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  • Writer's pictureEleka

Find Yourself & Be Yourself Teen Novels

Finding yourself is hard as a teen and being yourself can be even harder, especially if you feel pulled in many different directions–by your family, culture, heritage, friendships, or identity. These stories feature young people experiencing great changes and opportunities that give them new perspectives on their lives and on who they are.

Felix Ever After by Kacen Callender

Felix Love has never been in love and it is on his mind when he sees couples everywhere and wonders if it is possible for him. He does love art and excels at it so he transfers to a special high school for the arts. The added benefit is no one knows his old name before he came out as trans. Here at his new school, he can be just Felix and be open about his history without feeling like people see him differently. Still, this school has a different kind of social order where rich, preparatory kids use more sinister bullying tactics. Felix, as a queer, poor, black student, learns this when an art gallery is put up with a bunch of old pictures of him before his transition, pictures he had hidden on Instagram, meaning someone had to have hacked his account. Worst of all his dead name is scrolled across them for all to see, something he had not even told his best friend. After this threat, Felix tries to discover the perpetrator himself, but ends up anonymously getting to know one of the suspects who behaves completely differently online than in person. Perhaps Felix may even be falling for him, but is he right for Felix? Who hacked his Instagram and created the transphobic gallery? Will Felix finally find love?

The Absolutely True Diary of a Part-Time Indian by Sherman Alexie

Arnold Spirit, known as Junior, is angry. Growing up on the Spokane reservation, Junior was born with medical issues and abnormalities that made him the target for bullying from everyone but his friend, Rowdy. His great escape is making cartoons and comics, something he hopes will one day make him rich and famous. Most of the time, Junior can handle the pressing weight of growing up poor, not being able to eat some nights, not having a backpack or clothes not bought at K-Mart, but what he can’t handle is knowing his education is just holding him captive to poverty. On his first day of high school, when he opens his geometry textbook, he realizes that his mother’s name is written in the front (which means the book is at least 30 years older than him). How is he supposed to make anything of himself when the reservation can’t even afford to teach them? He loses it. Junior chucks the book at his checked-out teacher and hits him square in the nose. Later, his teacher surprises him with a visit to his house and tells Junior if he wants to keep any hope for his life, he has to leave the reservation. Soon, Junior transfers to the school in the rich, white farm town 20 miles away where he faces racists and rich kids so that he can have a future and not let his hope be quashed.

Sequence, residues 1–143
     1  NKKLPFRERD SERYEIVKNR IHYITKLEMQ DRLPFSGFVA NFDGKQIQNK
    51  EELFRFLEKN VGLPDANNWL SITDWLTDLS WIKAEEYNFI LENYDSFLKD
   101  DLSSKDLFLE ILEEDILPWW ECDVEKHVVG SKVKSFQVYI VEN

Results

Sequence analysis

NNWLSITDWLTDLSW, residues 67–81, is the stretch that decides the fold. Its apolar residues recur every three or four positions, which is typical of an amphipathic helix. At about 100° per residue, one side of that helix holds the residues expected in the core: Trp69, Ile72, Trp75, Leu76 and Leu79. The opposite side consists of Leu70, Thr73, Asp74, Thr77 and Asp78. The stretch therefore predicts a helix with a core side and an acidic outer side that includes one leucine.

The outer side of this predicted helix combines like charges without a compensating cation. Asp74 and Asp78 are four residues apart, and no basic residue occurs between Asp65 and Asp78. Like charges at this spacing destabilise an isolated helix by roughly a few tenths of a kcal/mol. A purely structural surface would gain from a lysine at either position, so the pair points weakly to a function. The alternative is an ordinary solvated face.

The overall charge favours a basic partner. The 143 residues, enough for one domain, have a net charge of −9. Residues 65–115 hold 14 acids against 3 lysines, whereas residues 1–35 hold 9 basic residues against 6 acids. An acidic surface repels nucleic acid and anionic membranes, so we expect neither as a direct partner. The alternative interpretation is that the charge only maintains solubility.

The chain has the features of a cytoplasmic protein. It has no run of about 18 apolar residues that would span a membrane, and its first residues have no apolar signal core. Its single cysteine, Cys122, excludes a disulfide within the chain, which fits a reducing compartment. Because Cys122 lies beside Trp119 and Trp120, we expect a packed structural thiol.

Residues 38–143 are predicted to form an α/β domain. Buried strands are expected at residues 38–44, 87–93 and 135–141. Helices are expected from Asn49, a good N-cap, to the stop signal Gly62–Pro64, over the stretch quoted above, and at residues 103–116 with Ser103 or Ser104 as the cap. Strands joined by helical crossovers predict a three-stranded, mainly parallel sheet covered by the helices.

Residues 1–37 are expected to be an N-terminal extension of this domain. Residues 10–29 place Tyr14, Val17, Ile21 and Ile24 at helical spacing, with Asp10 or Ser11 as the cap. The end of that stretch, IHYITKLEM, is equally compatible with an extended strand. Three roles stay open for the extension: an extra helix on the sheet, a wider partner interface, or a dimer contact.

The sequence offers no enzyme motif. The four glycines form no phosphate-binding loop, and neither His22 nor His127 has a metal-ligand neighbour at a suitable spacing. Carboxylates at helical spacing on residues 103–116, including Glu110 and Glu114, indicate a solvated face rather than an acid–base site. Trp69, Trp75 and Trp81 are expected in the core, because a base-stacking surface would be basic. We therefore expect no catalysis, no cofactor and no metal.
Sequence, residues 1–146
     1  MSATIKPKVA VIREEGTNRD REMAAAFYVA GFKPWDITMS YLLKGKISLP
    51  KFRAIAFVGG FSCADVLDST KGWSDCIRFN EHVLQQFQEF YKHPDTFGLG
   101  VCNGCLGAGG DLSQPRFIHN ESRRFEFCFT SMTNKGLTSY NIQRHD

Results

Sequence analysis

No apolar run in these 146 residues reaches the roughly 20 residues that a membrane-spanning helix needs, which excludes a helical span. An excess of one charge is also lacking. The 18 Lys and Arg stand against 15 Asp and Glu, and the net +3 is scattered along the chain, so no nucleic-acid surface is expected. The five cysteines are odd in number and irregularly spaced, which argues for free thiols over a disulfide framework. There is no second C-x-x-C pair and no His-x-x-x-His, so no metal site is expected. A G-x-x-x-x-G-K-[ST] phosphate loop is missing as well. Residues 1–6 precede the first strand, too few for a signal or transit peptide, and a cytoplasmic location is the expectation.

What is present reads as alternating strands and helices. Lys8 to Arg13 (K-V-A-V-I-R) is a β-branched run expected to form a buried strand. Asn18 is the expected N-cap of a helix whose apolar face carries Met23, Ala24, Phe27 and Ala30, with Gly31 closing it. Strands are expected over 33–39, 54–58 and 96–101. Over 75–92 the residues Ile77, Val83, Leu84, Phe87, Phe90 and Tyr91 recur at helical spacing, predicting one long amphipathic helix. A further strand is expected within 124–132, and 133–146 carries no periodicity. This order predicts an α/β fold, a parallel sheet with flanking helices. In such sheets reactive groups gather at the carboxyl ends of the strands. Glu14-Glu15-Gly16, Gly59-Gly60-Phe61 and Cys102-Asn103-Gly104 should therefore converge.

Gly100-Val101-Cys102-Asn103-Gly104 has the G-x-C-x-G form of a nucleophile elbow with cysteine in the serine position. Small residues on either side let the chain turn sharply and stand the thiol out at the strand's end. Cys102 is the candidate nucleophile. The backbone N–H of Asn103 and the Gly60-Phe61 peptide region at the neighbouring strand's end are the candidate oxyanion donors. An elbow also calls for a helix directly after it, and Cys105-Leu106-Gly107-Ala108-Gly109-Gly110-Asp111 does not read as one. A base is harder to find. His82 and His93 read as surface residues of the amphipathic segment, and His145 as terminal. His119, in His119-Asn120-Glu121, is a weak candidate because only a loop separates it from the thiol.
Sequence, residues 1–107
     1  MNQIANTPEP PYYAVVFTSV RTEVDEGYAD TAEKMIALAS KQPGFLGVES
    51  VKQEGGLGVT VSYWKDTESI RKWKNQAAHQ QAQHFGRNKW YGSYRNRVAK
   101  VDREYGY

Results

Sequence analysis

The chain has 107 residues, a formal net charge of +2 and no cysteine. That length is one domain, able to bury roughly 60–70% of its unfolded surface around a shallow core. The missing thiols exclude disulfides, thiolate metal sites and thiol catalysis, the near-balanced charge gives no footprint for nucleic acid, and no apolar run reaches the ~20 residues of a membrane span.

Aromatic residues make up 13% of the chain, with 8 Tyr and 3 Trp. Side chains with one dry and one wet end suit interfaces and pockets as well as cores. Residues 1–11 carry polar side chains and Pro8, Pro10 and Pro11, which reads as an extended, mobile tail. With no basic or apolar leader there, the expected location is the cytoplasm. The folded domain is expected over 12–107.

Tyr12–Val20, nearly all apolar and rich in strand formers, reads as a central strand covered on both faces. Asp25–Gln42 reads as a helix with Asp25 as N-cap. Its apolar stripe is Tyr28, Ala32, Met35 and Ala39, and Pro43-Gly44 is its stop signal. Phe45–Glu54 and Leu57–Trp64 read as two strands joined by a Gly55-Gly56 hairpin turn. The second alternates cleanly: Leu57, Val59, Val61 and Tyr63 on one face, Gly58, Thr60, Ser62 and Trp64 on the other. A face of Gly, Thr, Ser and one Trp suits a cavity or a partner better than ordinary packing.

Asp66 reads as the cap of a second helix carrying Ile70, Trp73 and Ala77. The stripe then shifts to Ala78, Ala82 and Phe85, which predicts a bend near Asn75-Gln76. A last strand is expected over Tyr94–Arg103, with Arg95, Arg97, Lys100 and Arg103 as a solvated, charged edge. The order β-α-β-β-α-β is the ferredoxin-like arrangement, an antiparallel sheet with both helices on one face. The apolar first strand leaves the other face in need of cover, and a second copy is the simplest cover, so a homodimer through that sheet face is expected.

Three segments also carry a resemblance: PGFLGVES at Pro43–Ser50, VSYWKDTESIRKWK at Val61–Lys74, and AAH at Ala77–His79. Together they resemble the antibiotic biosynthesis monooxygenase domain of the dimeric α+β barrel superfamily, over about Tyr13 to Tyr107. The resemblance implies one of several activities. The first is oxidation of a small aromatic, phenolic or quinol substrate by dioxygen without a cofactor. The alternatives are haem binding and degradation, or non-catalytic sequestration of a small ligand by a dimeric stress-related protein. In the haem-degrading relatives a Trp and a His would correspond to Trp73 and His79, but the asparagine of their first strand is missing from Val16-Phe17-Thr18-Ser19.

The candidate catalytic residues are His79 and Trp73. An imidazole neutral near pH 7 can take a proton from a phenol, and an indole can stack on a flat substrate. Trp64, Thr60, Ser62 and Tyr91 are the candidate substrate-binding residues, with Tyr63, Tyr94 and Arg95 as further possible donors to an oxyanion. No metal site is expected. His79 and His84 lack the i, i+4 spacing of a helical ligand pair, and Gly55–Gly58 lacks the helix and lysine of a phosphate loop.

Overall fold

Darius the Great is Not Okay

by Adib Khorram

Darius loves to escape to fictional places like the Shire or aboard the Enterprise. In his real life, Darius is bullied at school and collects new and increasingly vulgar nicknames. Being half Persian (his mom’s side), Darius struggles to connect to a culture whose language he cannot speak and to grandparents he has only seen on a computer monitor. After his grandfather’s brain tumors progress, it becomes clear that if Darius wants to get to know him, he had better do it now. When Darius visits his grandparents in Iran for the first time and he is sure he will stick out just the same as he does at home in the US. He’s even nervous about explaining his depression medication to his grandparents. But everything changes when he meets Sohrab, the boy living next door to his grandparents’ house. Sohrab calls him by his Farsi name, Darioush, and they spend time hanging out on rooftops, playing soccer, and learning about each other’s lives and culture. Darius the Great is Not Okay explores intrafamiliar relationships, heritage, belonging, and self-discovery. Through a whirlwind of a family reunion and cultural homecoming, Darius discovers his own worth.

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